Dementia is a term used to describe any condition that causes deterioration over time of a variety of different brain functions such as memory, thinking, recognition, language, planning and personality. Alzheimer’s disease accounts for 50–60% of cases of dementia. Other types of dementia include vascular dementia, dementia with Lewy bodies and frontotemporal dementia.
Most kinds of dementia have similar symptoms including: loss of memory, problems with thinking and planning, difficulties with language, failure to recognise people or objects, a change of personality.
Approximately 50,000 New Zealanders have dementia and that number is expected to triple by 2050.
As yet, no single factor has been identified as the cause of dementia, and there is no cure. But there are ways to potentially reduce your risk of developing dementia and to maintain good brain health.
The general rule is what’s good for the heart is good for the brain. The evidence shows that people may reduce their risk of developing dementia by adopting healthier lifestyles. Much of what’s needed are simple activities you can do in your day to day life. Remember, it’s never too late to make any of these changes. Here are 5 ways to reduce your risk of dementia:
1. Look after your heart
Smoking, high blood pressure, high cholesterol, diabetes and obesity all damage blood vessels. This increases the risk for both heart attacks and strokes. Research has also shown that these conditions can increase the chances of developing dementia later in life.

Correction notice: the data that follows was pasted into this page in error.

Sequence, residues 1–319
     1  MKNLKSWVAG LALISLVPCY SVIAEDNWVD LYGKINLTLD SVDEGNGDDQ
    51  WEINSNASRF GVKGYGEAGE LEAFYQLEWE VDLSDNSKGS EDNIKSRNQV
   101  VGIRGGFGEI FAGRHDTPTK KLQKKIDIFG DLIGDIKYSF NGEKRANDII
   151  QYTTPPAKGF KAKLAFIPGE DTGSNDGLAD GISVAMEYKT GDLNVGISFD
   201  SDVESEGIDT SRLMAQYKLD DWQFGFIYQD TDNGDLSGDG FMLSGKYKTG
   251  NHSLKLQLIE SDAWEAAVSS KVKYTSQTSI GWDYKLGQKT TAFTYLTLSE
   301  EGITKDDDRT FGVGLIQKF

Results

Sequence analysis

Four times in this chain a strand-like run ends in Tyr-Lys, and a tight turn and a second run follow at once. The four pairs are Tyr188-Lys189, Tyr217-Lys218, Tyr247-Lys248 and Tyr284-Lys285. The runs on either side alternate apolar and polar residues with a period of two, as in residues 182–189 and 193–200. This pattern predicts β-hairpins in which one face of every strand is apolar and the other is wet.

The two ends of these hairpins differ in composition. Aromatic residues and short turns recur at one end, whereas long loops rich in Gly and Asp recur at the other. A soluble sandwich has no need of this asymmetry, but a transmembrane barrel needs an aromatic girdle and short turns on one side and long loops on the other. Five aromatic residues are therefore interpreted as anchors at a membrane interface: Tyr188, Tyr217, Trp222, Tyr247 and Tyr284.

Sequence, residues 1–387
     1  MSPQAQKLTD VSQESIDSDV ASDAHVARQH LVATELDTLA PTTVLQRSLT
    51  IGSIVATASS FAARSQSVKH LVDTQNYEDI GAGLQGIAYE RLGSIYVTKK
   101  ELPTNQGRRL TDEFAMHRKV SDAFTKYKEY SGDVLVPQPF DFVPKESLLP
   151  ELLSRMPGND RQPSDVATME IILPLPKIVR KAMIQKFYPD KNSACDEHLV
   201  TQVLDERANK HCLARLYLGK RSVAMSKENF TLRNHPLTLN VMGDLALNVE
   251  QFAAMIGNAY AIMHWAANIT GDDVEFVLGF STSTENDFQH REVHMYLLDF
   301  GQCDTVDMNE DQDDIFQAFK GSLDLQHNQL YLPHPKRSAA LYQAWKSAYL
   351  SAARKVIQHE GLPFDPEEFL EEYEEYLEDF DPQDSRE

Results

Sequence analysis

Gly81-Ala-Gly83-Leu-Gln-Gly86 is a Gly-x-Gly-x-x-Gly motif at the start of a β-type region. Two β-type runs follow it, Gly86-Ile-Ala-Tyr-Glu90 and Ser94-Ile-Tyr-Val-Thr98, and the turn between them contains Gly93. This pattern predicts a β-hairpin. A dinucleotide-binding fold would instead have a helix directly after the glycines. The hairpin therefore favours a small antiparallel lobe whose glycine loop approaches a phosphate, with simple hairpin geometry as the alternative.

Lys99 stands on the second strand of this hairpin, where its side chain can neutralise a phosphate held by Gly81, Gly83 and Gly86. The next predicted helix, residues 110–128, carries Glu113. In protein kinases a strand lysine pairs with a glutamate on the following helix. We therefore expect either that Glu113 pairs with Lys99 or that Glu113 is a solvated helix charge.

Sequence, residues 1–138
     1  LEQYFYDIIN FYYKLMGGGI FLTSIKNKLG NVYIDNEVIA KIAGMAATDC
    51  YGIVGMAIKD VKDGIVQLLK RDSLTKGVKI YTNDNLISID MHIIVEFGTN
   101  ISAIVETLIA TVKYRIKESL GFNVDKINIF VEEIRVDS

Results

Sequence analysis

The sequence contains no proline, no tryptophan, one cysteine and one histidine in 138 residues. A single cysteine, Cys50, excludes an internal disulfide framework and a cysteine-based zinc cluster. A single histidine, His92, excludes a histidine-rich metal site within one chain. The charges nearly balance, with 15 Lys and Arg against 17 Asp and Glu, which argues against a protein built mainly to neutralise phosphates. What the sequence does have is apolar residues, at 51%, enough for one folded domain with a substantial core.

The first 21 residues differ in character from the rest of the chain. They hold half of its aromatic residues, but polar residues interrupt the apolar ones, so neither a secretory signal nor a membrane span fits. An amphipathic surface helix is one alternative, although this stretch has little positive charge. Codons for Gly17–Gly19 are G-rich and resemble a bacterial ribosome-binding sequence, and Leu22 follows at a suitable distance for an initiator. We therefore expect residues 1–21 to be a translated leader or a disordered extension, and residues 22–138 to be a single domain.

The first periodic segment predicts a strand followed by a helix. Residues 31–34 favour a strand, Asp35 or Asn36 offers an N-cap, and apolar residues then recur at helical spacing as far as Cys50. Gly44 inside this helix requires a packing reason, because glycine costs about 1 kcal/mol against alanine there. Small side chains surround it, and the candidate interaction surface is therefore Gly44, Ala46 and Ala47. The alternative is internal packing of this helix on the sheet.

2. Be physically active
Physical activity and exercise can help to control your blood pressure and weight. There is also some evidence to suggest that being physically active can help to reduce the risk of developing dementia.
3. Follow a healthy diet
Food is fuel for both brain and body. In order to keep both functioning properly we need to consume a healthy, balanced diet. Some evidence suggests that a Mediterranean-type diet, rich in cereals, fruits, fish, legumes and vegetables can help to reduce the risk of dementia. Eating lots of fatty and processed foods is associated with a higher risk of heart disease, and are best avoided.
4. Challenge your brain
By challenging the brain with new activities you can help build new brain cells and strengthen the connections between them. This may be helpful in slowing the decline in thinking abilities
5. Enjoy social activities
Social engagement may also be beneficial to brain health because it stimulates our brain reserves, helping to reduce our risk of dementia and depression. Try and make time for friends and family, you can even combine your activities with physical and mental exercise through sport or other hobbies.